We also caught up with Matt Mahoney who is a technical service representative covering a large area from Virginia to Maine.
Matt Mahoney, technical service rep oversees the Northeast, covering Virginia to Maine.
Matt believes that the primary threat for this region this season is weather. The very wet spring and dry summer has impacted the efficacy of corn herbicides.
Matt told us, “Too much rain reduces the longevity of the pre-emergence barrier in the soil. Also, poor growing conditions (cool, wet) result in poor corns stands and slow growth which further reduces the effectiveness of the herbicide. In many cases here in the East, poor early season conditions resulted in farmers re-planting corn on ground that had already had herbicide application with the first planting.”
With re-application not being an option, the physical planting breaks the herbicide barrier. Since the original herbicide was sprayed several weeks earlier, the residual effects in the new crop are further reduced which causes problems for the corn crop.
5. Weeds, weeds, get away from my wheat!
In addition, we spoke with Kevin Thorsness who is a technical service rep for the North Dakota and Northwestern Minnesota regions. Kevin told us about the increase in weed resistance in wheat and row crops.
Kevin Thorsness is a Technical Service Rep for Bayer, covering North Dakota and northwestern Minnesota.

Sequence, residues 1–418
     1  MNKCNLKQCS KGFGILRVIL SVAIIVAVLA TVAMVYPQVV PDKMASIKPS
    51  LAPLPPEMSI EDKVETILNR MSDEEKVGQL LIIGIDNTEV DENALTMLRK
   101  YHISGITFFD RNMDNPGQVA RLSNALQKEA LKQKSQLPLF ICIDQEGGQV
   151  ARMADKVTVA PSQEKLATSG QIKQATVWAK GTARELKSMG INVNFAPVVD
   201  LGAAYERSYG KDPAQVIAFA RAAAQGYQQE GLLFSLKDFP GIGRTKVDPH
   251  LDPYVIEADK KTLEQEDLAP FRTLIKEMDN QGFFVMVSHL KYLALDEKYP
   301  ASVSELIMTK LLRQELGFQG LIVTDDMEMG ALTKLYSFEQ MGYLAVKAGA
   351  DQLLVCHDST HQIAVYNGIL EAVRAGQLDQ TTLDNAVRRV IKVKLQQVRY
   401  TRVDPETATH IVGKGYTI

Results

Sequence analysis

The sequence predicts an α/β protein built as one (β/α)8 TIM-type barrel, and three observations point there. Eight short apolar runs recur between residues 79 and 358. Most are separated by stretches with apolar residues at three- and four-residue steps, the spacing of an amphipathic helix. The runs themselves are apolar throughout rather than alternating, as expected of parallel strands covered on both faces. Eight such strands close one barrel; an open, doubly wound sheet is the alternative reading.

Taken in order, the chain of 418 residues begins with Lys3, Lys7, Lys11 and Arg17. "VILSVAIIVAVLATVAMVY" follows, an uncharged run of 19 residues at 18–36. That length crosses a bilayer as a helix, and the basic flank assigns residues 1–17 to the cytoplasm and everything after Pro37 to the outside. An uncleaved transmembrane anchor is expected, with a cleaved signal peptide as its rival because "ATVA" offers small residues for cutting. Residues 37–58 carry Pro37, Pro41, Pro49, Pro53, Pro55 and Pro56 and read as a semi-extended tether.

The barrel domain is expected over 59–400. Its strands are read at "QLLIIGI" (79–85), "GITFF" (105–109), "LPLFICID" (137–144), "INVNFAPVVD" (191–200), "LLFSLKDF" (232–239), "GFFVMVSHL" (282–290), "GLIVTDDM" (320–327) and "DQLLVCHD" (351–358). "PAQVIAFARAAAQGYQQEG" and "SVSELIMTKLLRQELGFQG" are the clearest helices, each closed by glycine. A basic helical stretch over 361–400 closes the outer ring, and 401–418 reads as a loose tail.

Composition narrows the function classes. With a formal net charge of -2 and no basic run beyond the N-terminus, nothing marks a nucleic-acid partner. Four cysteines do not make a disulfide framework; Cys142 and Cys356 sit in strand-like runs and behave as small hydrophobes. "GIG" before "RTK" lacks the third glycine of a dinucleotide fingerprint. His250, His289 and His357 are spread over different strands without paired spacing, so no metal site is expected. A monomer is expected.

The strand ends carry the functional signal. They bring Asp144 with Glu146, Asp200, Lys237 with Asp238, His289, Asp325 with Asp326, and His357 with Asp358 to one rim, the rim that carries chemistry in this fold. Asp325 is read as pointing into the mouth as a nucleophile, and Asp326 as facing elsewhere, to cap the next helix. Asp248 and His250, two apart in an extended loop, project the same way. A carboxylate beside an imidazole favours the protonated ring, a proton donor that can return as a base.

The spread of resistant weeds and the lack of new methods of prevention is a huge threat to wheat crops. There are many grass and broadleaf weeds that are resistant to various means of prevention.
“We’re seeing stacked resistance, where a single weed can be resistant to two or more different herbicide groups,” said Kevin. “Even where this is not confirmed, we’re recommending that growers rotate crops, rotate herbicide-tolerant traits, and use multiple sites of action, so that weeds don’t develop resistance.”
Some of the resistant weeds in North Dakota include:
- Wild Oat
- Group 1 & 2 Resistance
- Group 1 and 2 in wheat
- Group 1 in broadleaf row crops
- Green Foxtail
- Group 1 & 3 Resistance
- Group 1 & 3 in wheat
- Group 1 & 3 in broadleaf row crops
- Tall Waterhemp
- Group 9 (glyphosate) and Group 2 Resistance
- Group 9 primarily in RR crops
- Group 2 could be in most crops
- Group 9, 4, and 2 Resistance
- Group 9 in RR crops
- Group 4 in corn and cereals
- Group 2 in most crops
- Common Ragweed
6. Palmer Amaranth resisting herbicides
Bayer technical service representative Sam Garris gave us the 411 on glyphosate-resistant Palmer amaranth. This year alone, glyphosate-resistant Palmer amaranth has infested many acres in Louisiana and Mississippi.
Sam Garris covers Louisiana, Mississippi and southeast Arkansas for Bayer.
The weed competes with crops for sunlight, nutrients, and water. It can also grow an inch per day and is capable of producing hundreds of thousands of seeds. These unfavorable characteristics can make the Palmer amaranth a serious problem for farmers.
“With the wet weather earlier in the growing season, growers have seen dense populations of Palmer amaranth emerge in their fields,” said Sam. “Adverse environmental conditions have been a challenge this year for growers to make timely herbicide applications to control this aggressively growing weed.”
The best control of Palmer amaranth with herbicides is achieved when the plants are small (1-3 inches). Management practices for Palmer amaranth require the use of effective post-emergence herbicides along with overlapping residual herbicides to prevent new emergence. Growers have been rapidly adopting the use of new products and technologies to battle Palmer amaranth.
Bayer has recently launched a new portfolio of products to help with some of these issues. Visit cropscience.bayer.us to see a whole list of these new products.